What to Know About Lyric Poetry in Ancient Greece
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One of the things that we know and enjoy today about the Ancient Greeks are their various works of poetry and literature that have survived through the centuries. The pursuit of these disciplines was so important to the Ancient Greeks, in fact, that they had several muses to represent them. Kaliope was the muse of epic poetry, Erato was the muse of love poetry, and Euterpe was the muse of lyric poetry.
Because the Greek lyric has its own muse, it is clear that this poetic form had a special place in the culture. Here’s more information about lyric poetry and its importance in Ancient Greece:
Definition of Lyric Poetry
According to Merriam-Webster, lyric as it pertains to poetry is defined as, “expressing direct usually intense personal emotion especially in a manner suggestive of song.” It is said to be a type of poem that expresses the personal thoughts and feelings of the individual who is the subject of the poem. Sometimes the subject of the poem will actually be the poet but in other instances, the subject will be the individual who is narrating the poem (if it isn’t the poet). If no specific subject is being named, we usually assume that the speaker of the poem is the poet.
Lyric Poetry in Ancient Greece
The word, lyric, is said to have originated from the word, lyre, which was a type of stringed instrument that was commonly used by poets in Ancient Greece. Think of the lyre not as a type of guitar, but as a small, hand-held harp. However, it is important to note that a formal description of the lyre as it appeared in Ancient Greece hasn’t been found. It is thought to have had 4, 7, or even 10 strings, which were either plucked or strummed with a bow. Later on in European history, other instruments came about that were referred to as lyres but didn’t really look like the lyres of Ancient Greece.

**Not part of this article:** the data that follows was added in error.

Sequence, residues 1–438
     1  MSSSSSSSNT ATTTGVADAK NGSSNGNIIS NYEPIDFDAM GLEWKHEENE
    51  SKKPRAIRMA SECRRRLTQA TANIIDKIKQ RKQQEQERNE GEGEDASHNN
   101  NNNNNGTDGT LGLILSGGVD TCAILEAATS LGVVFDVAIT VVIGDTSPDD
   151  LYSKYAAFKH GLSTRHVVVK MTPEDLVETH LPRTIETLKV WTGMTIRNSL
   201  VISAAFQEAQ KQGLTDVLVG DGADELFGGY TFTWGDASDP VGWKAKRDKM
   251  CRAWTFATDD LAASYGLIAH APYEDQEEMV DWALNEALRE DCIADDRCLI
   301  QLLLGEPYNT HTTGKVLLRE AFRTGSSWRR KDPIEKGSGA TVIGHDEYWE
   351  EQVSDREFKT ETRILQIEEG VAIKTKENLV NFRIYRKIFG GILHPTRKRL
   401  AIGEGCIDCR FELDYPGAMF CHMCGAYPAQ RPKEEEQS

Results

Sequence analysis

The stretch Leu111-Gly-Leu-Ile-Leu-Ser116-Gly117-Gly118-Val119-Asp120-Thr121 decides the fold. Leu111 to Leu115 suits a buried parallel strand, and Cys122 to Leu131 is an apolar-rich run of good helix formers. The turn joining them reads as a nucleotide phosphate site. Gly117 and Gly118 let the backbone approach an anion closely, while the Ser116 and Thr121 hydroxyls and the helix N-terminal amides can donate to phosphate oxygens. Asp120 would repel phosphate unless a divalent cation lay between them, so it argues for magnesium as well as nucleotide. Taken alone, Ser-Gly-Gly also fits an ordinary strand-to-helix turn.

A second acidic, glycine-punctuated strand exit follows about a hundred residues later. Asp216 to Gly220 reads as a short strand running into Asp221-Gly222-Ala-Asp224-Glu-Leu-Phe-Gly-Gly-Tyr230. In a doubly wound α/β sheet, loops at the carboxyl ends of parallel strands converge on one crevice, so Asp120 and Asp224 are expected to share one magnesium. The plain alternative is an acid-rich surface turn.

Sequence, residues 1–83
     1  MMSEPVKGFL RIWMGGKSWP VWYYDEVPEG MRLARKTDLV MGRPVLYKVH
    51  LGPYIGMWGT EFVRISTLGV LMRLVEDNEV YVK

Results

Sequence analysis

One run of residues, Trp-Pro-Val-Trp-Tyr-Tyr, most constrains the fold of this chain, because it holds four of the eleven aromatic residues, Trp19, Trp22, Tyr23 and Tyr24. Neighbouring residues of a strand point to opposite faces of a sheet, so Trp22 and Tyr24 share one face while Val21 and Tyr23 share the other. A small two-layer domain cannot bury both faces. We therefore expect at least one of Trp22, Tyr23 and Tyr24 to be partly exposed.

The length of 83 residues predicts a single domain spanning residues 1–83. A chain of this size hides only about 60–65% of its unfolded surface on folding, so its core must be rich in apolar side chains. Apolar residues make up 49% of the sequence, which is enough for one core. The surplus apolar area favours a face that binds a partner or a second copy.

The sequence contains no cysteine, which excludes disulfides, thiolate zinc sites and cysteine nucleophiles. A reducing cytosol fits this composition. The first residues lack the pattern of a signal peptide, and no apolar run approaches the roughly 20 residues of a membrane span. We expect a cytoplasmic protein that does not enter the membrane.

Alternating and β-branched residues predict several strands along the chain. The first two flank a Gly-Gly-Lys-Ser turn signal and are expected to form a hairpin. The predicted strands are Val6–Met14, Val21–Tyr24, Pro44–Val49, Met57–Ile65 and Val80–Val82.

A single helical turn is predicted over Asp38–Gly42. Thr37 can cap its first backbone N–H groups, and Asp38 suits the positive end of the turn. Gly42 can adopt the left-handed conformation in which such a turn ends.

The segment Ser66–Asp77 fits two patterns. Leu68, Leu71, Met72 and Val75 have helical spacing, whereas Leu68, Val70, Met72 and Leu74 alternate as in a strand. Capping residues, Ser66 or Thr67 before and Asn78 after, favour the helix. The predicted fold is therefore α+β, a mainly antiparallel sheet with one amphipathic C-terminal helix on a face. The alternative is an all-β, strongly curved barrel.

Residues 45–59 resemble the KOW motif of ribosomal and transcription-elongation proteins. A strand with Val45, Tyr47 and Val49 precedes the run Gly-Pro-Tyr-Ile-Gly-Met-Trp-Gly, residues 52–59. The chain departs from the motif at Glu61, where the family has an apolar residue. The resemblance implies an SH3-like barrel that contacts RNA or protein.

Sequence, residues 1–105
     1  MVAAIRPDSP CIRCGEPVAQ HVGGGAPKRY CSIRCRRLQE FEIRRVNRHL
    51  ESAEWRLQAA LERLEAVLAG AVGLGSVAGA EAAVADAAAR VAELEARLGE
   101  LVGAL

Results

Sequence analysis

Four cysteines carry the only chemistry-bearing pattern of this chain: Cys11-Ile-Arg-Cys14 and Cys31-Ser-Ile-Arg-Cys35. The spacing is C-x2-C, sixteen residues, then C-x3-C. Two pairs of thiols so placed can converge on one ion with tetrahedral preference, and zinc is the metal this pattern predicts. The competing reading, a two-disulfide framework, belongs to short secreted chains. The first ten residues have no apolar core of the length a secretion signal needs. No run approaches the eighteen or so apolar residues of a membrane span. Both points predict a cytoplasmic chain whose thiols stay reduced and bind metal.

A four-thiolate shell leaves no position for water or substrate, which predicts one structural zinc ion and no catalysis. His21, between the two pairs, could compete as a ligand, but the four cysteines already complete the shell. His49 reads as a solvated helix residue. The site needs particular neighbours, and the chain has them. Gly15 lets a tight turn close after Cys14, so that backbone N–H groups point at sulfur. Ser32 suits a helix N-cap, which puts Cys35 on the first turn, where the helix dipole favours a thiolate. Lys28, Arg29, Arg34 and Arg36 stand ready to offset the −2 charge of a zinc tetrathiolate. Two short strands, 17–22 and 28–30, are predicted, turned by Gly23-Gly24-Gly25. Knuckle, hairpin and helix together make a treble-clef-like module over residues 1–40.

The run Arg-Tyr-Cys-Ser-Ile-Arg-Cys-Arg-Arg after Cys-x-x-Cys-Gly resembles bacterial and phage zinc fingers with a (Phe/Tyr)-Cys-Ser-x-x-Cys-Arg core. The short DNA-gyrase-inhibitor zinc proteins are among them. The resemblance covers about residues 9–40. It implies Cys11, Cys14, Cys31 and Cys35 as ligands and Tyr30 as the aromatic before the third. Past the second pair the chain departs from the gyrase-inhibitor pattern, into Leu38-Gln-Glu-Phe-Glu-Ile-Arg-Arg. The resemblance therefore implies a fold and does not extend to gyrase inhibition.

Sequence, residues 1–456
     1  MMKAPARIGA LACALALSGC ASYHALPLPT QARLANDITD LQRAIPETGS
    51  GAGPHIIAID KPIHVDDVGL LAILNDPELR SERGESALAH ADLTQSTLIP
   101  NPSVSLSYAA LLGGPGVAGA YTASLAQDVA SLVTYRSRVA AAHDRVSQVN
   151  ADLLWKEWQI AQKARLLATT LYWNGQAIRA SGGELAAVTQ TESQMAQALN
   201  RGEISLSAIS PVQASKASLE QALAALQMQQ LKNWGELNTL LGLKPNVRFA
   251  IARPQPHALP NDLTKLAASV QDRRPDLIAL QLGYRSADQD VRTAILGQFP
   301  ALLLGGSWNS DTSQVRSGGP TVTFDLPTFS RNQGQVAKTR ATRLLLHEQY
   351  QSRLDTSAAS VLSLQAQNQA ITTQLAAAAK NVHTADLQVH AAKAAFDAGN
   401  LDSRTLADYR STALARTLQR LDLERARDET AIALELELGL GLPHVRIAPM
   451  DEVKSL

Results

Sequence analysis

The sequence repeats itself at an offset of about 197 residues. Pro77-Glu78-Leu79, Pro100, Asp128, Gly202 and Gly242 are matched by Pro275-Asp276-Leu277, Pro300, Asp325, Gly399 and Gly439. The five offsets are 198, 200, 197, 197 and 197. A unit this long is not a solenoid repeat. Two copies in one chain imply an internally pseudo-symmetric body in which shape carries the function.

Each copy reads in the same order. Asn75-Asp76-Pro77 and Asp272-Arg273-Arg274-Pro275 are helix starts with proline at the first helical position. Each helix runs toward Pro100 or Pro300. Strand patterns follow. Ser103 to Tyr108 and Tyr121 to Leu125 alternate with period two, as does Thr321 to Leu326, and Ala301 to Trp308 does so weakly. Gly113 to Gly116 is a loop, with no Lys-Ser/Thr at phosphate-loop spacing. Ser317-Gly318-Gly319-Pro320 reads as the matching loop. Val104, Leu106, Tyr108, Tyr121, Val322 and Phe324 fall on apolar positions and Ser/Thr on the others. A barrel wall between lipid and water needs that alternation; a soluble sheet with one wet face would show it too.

Subjects of Greek Lyric Poems
The Ancient Greeks had a tendency to write lyric poems concerning certain topics. They didn’t really write about how they felt in their daily lives. Rather, they reserved this type of poem for certain events. These included:
- Athletics – People often wrote lyric poems about victories in athletics, usually at organized games like the Ancient Olympic Games.
- The Dead – Another popular subject of a lyric poem is that they were often written to eulogize the deceased.
- Soldiers – Valor and bravery amongst soldiers was highly prized, so lyric poems were often written to inspire these traits.
- Religious – Lyric poems often had a religious purpose and were crafted into hymns and other songs for purposes of worship. At the time, these poems were often written about certain gods and goddesses.
- Love – This was a popular type of lyric in Ancient Greece and the poems were a way to express devotion and love to another.
Besides being written about the above topics, they often had various other topics, such as about politics, war, sports, money, drinking, youth, death, heroics, and the past. Lyric poems were certainly an important part of the culture of Ancient Greece.
Categorized in: Ancient Greek History
This post was written by Greek Boston